71. On the Banks of the Blue River
Eudes Ridere warmed himself by a watch fire near the bridge over the Blue River. He had risen in the dark, sleep ruined by mental images of casks of liquid fire floating among Herminia’s supply ships. Bully was awake and ready with Eudes’s clothes when the general called for him. The boy reads my feelings well. He knows. Bully offered to fetch breakfast, but Eudes wanted to join men in the field. Eudes wore a sword and leather jerkin, throwing a cloak on top because of the chill. General and squire rode in darkness from the inn in Hyacintho Flumen to the guard post at the eastern end of the bridge.
The soldiers on duty, six men from Rubrum Vulpes, were startled to find Herminia’s general at their fire. “My lord Ridere! Sir! General! Your Majesty!” They fumbled to express themselves properly.
“Calm yourselves, soldiers.” Eudes and Bully dismounted and tied their horses to a nearby fence. “What do you have there in the pot?”
“Hot barley tea, with a bit o’ honey.” One of the men hastened to dip out some for Eudes and his squire.
“Thank you.” Eudes wrapped his fingers around the clay cup, sipped the beverage and spat. “Gods! We’ll have to get you men something better than this.”
Chuckles around the fire. “Mead and water would be a sight better, Sir. The best one can say for this stuff is it’s warm.”
“Tell me what you’ve seen through the night.”
A thin, sinewy man who seemed to be the leader of the guards said, “Naught from the other side, Sir. Some Pulchra Mane men went over about midnight. Didn’t say a word, an’ they ain’t come back. My lord must know what that’s about.”
“Hoo, ah. Maybe a hunnerd.”
Eudes frowned in the dark. Archard Oshelm was supposed to position four hundred men north of castle Hyacintho Flumen, taking control of the road northward, before sunrise. If the first hundred crossed the bridge five hours ago, where are the rest?
As if in answer to Eudes’s worry, horses approached the bridge from the north, on the east side of the river. The guards drew their swords, and the thin sergeant called out. “Name yourselves!”
The horses stopped just at the edge of the firelight. “Commander Oshelm of Pulchra Mane.” It wasn’t Archard’s voice, but Eudes thought it sounded like Darel Hain, who served under him.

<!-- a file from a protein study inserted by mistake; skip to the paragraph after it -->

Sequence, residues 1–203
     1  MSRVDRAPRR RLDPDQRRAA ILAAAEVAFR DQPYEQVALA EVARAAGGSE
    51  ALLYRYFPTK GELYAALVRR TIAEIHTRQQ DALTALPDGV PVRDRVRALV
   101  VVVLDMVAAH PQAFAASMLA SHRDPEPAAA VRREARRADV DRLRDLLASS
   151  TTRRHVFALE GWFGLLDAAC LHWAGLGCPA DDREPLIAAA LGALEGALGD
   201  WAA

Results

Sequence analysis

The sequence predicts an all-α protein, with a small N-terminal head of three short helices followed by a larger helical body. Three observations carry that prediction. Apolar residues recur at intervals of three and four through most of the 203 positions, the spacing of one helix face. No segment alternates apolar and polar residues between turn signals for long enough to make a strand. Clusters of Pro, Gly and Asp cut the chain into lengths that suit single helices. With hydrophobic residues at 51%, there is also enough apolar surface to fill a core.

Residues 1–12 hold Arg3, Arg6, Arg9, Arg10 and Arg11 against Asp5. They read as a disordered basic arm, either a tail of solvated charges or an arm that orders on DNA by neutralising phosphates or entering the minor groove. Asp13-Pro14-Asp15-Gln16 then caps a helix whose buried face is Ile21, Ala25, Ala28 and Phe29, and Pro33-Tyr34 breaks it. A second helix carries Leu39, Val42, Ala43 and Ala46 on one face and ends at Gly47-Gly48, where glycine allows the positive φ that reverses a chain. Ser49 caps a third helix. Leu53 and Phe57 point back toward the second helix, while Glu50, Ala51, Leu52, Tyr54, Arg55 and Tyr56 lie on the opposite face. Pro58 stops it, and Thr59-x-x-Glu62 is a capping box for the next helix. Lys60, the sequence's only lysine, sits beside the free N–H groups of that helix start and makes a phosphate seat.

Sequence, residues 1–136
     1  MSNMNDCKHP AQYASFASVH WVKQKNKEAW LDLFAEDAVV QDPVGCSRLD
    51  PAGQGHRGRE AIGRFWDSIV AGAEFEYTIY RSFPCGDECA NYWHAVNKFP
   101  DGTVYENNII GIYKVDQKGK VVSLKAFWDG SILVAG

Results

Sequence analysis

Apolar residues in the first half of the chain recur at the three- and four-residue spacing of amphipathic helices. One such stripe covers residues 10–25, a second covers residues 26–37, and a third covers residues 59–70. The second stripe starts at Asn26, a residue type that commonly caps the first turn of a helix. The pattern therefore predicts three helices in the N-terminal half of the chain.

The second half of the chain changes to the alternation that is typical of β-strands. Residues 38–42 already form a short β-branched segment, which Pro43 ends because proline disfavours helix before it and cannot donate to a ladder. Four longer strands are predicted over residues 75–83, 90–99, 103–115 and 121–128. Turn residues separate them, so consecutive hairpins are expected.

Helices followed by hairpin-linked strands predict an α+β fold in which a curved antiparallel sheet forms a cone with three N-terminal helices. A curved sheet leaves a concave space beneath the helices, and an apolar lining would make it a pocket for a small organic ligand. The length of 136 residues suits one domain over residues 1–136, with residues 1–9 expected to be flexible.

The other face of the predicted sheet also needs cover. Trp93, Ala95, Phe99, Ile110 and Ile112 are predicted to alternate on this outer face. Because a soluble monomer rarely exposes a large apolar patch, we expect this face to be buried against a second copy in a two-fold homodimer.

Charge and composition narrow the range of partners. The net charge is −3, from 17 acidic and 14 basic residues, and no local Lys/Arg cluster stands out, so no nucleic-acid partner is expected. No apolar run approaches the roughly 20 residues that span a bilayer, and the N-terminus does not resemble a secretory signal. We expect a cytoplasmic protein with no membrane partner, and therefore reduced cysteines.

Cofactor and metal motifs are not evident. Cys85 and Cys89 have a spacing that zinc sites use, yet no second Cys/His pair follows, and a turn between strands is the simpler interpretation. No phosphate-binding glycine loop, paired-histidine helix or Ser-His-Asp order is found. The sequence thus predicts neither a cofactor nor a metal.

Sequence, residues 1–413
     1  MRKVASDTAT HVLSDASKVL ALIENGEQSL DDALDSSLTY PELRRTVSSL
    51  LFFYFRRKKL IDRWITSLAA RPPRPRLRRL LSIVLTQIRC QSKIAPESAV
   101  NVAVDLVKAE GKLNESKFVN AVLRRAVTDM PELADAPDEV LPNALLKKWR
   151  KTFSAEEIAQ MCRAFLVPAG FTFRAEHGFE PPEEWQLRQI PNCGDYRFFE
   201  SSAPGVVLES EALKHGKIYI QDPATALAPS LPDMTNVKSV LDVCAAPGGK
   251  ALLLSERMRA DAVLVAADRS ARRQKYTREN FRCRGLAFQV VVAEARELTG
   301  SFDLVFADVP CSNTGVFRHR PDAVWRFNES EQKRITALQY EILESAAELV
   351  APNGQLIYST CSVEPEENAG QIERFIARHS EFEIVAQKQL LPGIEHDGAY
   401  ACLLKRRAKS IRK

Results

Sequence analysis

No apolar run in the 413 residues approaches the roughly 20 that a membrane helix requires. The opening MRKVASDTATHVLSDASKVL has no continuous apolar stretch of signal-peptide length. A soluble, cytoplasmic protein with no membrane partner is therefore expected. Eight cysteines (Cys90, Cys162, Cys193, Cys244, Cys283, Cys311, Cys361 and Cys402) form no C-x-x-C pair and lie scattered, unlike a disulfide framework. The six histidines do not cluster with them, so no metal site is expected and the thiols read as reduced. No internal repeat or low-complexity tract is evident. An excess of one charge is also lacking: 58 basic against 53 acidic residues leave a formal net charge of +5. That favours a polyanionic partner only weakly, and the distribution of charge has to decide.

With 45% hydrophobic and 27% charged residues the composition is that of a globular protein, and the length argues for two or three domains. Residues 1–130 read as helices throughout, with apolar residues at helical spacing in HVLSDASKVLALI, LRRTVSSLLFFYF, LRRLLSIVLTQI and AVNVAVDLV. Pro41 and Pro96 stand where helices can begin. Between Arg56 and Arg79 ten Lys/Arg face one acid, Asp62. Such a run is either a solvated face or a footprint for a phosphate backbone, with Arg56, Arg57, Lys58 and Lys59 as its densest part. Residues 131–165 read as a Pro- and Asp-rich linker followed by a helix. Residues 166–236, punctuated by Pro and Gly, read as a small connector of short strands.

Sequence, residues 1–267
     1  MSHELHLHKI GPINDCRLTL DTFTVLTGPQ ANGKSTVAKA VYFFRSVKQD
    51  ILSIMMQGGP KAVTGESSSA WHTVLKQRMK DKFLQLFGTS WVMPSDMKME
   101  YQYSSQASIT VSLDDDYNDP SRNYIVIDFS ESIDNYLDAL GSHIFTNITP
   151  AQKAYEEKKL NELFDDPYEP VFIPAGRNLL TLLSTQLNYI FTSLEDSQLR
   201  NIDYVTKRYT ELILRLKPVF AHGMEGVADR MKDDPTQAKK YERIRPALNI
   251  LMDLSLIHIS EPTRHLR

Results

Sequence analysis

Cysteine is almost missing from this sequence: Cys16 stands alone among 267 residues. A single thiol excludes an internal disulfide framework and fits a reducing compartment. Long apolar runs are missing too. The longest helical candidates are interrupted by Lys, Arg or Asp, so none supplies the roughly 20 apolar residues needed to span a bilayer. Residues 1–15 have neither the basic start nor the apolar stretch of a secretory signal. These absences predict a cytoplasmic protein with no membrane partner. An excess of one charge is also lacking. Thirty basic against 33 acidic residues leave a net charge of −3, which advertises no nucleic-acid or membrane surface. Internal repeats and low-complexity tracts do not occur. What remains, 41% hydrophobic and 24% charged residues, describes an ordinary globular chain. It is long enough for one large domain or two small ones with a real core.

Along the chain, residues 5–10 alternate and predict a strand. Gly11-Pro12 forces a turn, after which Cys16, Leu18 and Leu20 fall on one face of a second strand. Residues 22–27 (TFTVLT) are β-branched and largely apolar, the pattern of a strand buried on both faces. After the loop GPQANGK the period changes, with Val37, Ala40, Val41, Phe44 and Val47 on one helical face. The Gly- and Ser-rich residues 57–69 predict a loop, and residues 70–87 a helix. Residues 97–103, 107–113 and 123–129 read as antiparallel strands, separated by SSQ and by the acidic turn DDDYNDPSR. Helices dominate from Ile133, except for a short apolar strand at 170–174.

“Come forward to be recognized. One at a time.” With the General of the Army standing a few feet away, the sergeant was careful to follow correct procedure. One of the horsemen rode closer; it was Hain.
“I’m Sergeant Hain.” The rider saluted with a fist across his chest.
The sergeant of the guard returned the salute. “Allard Ing. I serve Lord Denis Mowbray of Rubrum Vulpes. Welcome. Next man! Come forward.”
There were two other riders with Hain, then Archard Oshelm. Eudes stood cloaked in the shadows as Allard Ing made the newcomers present themselves one by one. One of the riders said, “Don’t overdo it, Ing. It’s our second day in Tarquint, and there’ll be a thousand more. Don’t be so tight-assed.”
Eudes stepped close to the fire as Archard was dismounting. “Actually, I prefer it when men follow proper procedure.” He extended his hand to Oshelm. “Fair morning, Archard.”
“Fair morning, General!” Archard clasped hands vigorously. He grinned at the embarrassed soldier standing next to him. “The general has a remarkable capacity for showing up when you least expect it, Ranulf. General Ridere, I present Ranulf Travers, swordsman of Herminia.”
“Fair morning, soldier Travers.” Eudes saluted the speechless man. “Do not forget that discipline will be key to the success of this whole venture. My army follows procedures because they work. They keep men alive. Don’t get lazy, Travers. And you, Ing, can be as tight-assed as you like, if it means obeying orders.”
“Aye, Sir!” Ing and Travers both laid fists across their chests.
Eudes took Archard aside to hear his report. One hundred men had crossed the bridge in the darkest hours to take up a position on the west end, securing the bridge for later use. Three hundred had crossed the river upstream on boats.
“They must control the road.”
“They do already, Sir. Of course, we will need to reinforce them. And we will need a great many more to prevent riders escaping through our ring.”
Eudes snorted playfully. “I don’t expect magic, Archard. A siege clamps down gradually. Aylwin Mortane will undoubtedly send a few of his most trusted men to ask for help from the free cities. We can’t stop him. Our net around Hyacintho Flumen can’t possibly catch such small fish yet. I’m not particularly concerned about soldiers moving into the castle. The more mouths he must feed, the better. What we must do is prevent any food getting in. The road must be ours; all the boats on the river must be ours.”
“My lord, you ordered that we were not to commandeer the produce of Tarquint.”